Ask us Anything: building a culture of research follow up

Ask Us anything

We kicked off 2017 with an Ask us Anything on building a culture of research. We discussed many different aspects and challenges of incorporating UX research into your organization or your design practice.

In case you missed it, or want to check it out again, you can watch the full recording here.

Since there were so many fantastic questions, we weren’t able to answer them all, so Andrew and Mira pulled together some answers to those we didn’t get to below.

What are some of the challenges you’ve seen when integrating UX research in an existing Agile software development process? What’s your recommendation to do it?

A big challenge of integrating UX research into an agile development process is that timelines tend to be much tighter. You’re usually looking at small design sprints lasting anywhere from a few days to a few weeks, so it feels like adding research is a real squeeze. That said, UX research can be a great way to inform or validate each iteration to better guide the next sprint, and the product generally.

It’s really just a matter of making the research process fit your timeline, and choosing a method that will meet that need. Carefully consider and articulate your goals for each test — maybe you just want to test one feature or interaction. Also, consider leaner documentation, and look for ways to tighten up your timelines when possible to help accommodate the agile process.

Can you share an example of how your research informed an innovation?

There have been many cases where clients have brought us in to do testing and participants pointed out opportunities and made suggestions to problems that hadn’t yet been considered. Unfortunately, I can’t really get into too much detail due to client confidentiality, but here’s a really simple and common example. We’ve seen a lot of cases where the homepage did not appear scrollable to our participants. Some design element gave the impression that there was nothing more than the initial view. This simple yet critical thing wasn’t caught during design, and participants weren’t able to get past the homepage without being told to scroll. This is clearly an issue, especially if there is critical information “below the fold.” Sometimes a design team is just too close to the design, which is why it’s always a good idea to test.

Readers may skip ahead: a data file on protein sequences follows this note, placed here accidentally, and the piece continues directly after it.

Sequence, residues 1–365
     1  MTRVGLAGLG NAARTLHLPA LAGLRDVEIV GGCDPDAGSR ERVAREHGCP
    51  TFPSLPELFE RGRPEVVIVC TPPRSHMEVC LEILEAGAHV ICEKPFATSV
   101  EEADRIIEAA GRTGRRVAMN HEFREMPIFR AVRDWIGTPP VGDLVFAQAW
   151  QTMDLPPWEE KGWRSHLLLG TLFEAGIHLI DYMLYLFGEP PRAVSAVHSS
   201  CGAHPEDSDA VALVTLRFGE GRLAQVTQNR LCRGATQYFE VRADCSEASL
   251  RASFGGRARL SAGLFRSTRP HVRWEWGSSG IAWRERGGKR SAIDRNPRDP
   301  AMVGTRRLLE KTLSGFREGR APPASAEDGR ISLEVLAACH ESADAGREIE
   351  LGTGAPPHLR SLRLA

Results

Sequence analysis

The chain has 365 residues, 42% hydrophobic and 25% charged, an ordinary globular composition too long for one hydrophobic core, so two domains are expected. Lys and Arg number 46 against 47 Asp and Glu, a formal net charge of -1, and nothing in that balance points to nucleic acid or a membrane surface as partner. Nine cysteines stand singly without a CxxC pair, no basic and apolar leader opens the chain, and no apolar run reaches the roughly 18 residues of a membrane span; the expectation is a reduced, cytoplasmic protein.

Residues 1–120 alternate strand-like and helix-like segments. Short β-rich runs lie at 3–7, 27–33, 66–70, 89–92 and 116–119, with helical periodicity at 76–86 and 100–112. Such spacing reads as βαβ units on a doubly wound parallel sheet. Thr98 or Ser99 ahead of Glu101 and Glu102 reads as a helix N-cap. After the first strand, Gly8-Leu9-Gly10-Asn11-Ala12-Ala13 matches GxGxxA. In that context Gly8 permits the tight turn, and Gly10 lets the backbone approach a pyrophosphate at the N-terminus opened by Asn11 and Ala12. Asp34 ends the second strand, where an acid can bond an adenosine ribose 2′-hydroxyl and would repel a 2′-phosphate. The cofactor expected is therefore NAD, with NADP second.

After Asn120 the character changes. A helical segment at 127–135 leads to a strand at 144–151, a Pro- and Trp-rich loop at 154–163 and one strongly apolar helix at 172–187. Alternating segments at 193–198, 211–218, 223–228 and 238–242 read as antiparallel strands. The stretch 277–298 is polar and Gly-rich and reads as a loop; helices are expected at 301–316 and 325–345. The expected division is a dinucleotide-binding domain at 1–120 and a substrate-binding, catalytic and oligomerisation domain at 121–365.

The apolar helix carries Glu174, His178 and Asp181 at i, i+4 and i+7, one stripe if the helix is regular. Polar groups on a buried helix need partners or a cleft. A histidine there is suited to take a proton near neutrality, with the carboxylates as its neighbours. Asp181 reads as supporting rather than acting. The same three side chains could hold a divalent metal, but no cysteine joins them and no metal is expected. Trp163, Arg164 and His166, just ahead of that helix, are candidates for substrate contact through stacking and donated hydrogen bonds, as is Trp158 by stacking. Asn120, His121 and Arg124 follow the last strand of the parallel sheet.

But we’ve also heard, totally by chance, new feature ideas or suggestions come out of our sessions – when our participants might say “I wish it would just work like…”. We would never have that as a research goal, because that is not a reliable outcome, but we certainly report on them when they do occur, and, on occasion, we’ve had clients take participant suggestions and run with them.

Navigation fixes are also a very common thing to come out of usability testing, and while not ground breaking can have a big impact on overall usability.

 

Thanks for joining us! We hope to see you at the next one. Have a topic in mind for an upcoming Ask Us Anything? Get in touch via Twitter or email with your suggestion.

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